Democrats need to be competent

As we get closer to the midterms and see the time for legislating ticking away, we have to be honest this is not working. Early after Democrats won majorities in Congress, I wrote about the likelihood that Democrats could keep their majorities against conventional wisdom. For several reasons.

1. Republicans only control the redistricting of 180/435 seats, not the 215/435 seats they previously had. (multiple states moved to an independent redistricting committee)

2. They already maxed out their advantage in 2010 using computer map-making to take cracking (breaking up of districts for political gain) and packing (consolidating districts for political gain) to new heights.

3. Tech has advanced to a point voter organization is much easier. The ability to access and address your voters’ needs has made getting them to the polls effortless.

So back to my critique. Democrats spent half of the time they could have been legislating or selling policies fighting over the scope of their policies. Believing their majority was a once-in-a-generation moment made them treat every bill as the last plane leaving Kabul. Stuffing bills like voting rights, equal rights, Biden’s 2nd reconciliation bill, and more with everything on the wishlist instead of the practical.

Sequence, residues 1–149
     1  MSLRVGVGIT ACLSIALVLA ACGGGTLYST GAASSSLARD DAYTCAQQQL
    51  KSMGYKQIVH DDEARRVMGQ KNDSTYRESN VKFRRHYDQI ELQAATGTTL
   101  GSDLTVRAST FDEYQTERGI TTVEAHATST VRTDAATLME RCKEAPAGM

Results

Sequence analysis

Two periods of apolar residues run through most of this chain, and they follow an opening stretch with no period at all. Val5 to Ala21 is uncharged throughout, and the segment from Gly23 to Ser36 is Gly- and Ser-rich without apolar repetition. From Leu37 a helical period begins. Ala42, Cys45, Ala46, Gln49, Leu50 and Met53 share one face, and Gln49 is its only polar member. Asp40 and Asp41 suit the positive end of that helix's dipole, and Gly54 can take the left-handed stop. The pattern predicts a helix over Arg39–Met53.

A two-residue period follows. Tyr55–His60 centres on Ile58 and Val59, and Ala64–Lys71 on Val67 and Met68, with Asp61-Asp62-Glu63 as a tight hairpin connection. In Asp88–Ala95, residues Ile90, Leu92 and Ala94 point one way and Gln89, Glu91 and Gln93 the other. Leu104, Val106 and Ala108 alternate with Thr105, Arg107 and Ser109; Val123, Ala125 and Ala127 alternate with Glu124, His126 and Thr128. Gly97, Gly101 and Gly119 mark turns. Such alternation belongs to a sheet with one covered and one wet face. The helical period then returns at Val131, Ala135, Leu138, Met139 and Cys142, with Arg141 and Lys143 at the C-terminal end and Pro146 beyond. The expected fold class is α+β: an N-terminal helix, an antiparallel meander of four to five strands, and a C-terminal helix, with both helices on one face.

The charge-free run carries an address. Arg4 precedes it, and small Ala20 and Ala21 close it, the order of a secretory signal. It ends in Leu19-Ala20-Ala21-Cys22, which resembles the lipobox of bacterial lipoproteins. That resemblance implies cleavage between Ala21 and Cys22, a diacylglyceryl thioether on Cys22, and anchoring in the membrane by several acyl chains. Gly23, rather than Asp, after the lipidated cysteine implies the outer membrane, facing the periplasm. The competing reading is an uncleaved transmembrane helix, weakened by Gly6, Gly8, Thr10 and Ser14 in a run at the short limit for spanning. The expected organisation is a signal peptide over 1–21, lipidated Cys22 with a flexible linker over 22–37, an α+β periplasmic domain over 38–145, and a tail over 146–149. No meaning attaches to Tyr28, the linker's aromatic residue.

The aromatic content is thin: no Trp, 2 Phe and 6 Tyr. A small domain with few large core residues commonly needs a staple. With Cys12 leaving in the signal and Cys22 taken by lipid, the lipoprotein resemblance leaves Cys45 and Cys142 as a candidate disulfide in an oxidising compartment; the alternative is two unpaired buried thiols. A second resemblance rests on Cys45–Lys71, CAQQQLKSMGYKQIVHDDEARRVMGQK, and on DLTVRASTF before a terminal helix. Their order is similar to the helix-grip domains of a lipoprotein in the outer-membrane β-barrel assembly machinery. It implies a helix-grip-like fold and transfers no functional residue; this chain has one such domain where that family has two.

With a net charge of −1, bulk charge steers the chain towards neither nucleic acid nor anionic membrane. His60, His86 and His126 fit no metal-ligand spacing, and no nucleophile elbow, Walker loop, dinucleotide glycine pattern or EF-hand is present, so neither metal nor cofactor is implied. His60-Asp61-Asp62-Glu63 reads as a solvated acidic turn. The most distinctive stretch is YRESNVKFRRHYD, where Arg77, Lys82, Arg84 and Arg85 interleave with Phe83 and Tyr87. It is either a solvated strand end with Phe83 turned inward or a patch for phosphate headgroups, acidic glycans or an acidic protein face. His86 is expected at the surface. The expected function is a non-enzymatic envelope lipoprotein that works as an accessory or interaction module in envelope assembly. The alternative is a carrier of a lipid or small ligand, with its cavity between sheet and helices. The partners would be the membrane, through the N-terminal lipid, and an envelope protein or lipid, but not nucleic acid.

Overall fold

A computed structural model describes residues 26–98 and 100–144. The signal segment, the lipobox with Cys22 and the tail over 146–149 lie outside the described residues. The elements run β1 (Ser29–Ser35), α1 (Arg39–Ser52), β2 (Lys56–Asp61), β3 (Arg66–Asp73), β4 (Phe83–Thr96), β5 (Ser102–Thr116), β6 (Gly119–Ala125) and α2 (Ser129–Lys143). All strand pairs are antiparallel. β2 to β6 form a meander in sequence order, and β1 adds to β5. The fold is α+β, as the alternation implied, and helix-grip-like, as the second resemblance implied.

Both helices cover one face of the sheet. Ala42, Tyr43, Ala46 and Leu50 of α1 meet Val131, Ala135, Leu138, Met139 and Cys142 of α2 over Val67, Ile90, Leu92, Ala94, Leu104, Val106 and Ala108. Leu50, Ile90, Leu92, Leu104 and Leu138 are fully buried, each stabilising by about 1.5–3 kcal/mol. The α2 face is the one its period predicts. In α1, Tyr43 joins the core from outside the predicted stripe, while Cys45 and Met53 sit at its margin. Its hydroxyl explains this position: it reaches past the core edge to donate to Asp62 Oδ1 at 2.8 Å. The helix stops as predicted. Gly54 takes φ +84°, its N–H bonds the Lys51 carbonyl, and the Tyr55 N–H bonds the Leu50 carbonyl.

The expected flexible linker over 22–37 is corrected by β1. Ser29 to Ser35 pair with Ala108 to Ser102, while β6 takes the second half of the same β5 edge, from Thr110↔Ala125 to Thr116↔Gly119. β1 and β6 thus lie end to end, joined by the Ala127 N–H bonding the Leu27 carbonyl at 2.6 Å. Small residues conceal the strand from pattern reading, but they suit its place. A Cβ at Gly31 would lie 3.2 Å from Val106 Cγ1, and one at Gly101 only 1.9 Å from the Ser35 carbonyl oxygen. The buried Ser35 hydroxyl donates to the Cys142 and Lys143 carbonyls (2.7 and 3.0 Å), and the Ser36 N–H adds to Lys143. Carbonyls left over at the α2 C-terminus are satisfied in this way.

This failure is frustrating as we have seen redistricting play out; Democrats have gained in redistricting so far. These gains would be great news if Democrats had shown competence in governing. Democrats should have made incremental policy changes; that would build the case that government is competent. While the Democrats ran on competence, shortly after they passed the Bipartisan Infrastructure Bill, they started publicly fighting. By yelling at the moderates in the party who are necessary to pass anything in the absence of Republican buy-in they risk having nothing to run on in 2022. (Or even worse distracting from what they have done.)

We need to acknowledge the best decision available is to trim down our package and pass what we can. If Manchin is willing to vote for a 1.5 trillion dollar reconciliation bill that still is more investment than any Democrat has got through congress. It would be transformational touching everything from climate, education, healthcare, and more. (Don’t forget that this is on top of his Bipartisan Infrastructure Bill an additional 1.2 trillion, his 250 billion tech manufacturing bill, and his Covid bill of 1.9 trillion) passing this and highlighting the other bills is a great start and a winning hand. But the coup de grace should be the passage of scaled-down versions of the John Lewis Voting Rights Act, The Equality Act, and some form of immigration reform. By taking seriously the need to fix the economy, and showing your base you can and will defend their rights the midterms are still winnable, and if Democrats care they should act like it.



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